That was how a former researcher described the island to me: “Seal Island is a spectacle of life.” That made sense. The island’s unique and varied terrain is an ideal nesting site for a host of seabirds. Atlantic Puffins, Black Guillemots, and Razorbills make their nests, called burrows, in crevices between the island’s many rock faces. Craggy ledges of granite on the island’s southern tip host the last Great Cormorant colony in Maine. Grassy areas inland accommodate sizable Common and Arctic Tern populations and underground, in the sod, live Leach’s Storm Petrels. Thick thickets of raspberry vines provide shelter and nesting sites for eiders and gulls alike—one of our work days involved transecting the top part of the island, wading through these thickets to count their nests and eggs. 

The daily duties of a researcher on a seabird island depend mostly on the caprices of weather and, of course, the birds themselves. A typical day might start with a morning bird count which entails scanning the island with a high-powered scope and recording the birds you see. Then, if it’s your assigned day, you might record weather data—my favorite part of this was throwing a bucket over a cliff into the seething ocean, reeling it back in, and dropping a thermometer in to physically see the chill of the ocean. You can expect to spend at least a few hours in a bird blind with the aforementioned scope, either identifying the prey that the birds bring in (diet study) or re-sighting bands, emblazoned with a tiny sequence of numbers, that are affixed to a bird’s leg and serve as identification. Productivity checks are a big part of researcher life as well. This involves traversing a bird colony looking for eggs or chicks, depending on the time of year.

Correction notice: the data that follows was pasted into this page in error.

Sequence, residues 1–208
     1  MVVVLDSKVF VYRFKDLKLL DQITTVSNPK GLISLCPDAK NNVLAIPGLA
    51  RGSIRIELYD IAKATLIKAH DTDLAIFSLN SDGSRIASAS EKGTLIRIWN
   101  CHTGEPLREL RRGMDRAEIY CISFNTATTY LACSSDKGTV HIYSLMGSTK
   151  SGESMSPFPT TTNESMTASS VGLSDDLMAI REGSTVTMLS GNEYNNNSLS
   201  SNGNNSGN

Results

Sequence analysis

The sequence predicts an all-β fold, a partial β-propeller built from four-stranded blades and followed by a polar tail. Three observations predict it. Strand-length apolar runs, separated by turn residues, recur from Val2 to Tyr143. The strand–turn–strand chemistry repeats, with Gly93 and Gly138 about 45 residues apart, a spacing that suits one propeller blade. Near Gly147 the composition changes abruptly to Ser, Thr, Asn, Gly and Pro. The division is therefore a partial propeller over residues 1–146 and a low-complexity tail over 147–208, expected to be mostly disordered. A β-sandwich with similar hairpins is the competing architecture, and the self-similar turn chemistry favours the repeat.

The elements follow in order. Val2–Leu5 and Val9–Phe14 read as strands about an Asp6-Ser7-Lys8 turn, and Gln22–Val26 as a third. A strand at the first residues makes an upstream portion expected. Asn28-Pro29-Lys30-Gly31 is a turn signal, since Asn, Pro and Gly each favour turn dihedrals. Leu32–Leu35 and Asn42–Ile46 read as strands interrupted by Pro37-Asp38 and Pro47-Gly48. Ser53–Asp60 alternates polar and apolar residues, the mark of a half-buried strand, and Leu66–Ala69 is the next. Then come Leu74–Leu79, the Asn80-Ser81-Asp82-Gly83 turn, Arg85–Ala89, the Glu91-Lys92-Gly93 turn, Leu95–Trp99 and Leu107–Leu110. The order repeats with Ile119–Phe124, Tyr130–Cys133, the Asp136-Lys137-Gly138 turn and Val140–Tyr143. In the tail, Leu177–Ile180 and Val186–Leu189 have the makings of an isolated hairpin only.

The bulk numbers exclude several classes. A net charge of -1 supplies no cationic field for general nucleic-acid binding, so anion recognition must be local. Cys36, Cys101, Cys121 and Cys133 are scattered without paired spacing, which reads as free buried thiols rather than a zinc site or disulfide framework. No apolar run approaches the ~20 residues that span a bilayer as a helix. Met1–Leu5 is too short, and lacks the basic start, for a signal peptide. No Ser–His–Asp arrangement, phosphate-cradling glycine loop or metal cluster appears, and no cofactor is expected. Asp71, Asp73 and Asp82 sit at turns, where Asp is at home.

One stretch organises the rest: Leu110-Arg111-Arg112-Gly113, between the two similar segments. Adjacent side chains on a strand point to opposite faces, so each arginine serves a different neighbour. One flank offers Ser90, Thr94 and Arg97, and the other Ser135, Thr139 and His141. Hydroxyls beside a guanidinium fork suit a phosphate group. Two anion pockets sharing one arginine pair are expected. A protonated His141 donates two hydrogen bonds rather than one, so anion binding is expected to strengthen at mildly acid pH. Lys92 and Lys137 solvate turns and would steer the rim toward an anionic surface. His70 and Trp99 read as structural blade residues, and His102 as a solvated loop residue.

When I arrived on Seal Island in late May, the seabirds had mostly returned to the island for breeding season. Many of them had already sought out their mates and familiar burrows—puffins, for instance, come back to the same mate and the same burrow annually—and were starting to lay eggs.

This is why I found myself one afternoon dangling belly-down off a low boulder, shining the thin beam of a flashlight into a dark opening between two rocks. Craning my neck into a space barely bigger than my hand’s width, I held my breath as the light caught a reflective glint: the eye of an Atlantic Puffin stared back at me, unblinking. Its breast feathers were frilled out, a sure sign, I was told, that the puffin was incubating an egg. Without turning away, I called to those behind me, “Puffin on egg,” and the observation was recorded on a clipboard. For a moment longer I lingered, looking at the bird and, barely visible to me, an egg beneath it.

Counting birds, catching birds, looking at birds—all business as usual on a seabird island. In a place so seemingly isolated, I was a little surprised to find that it teemed with life. That the island was once virtually depleted of seabirds seemed a miracle—they were everywhere now.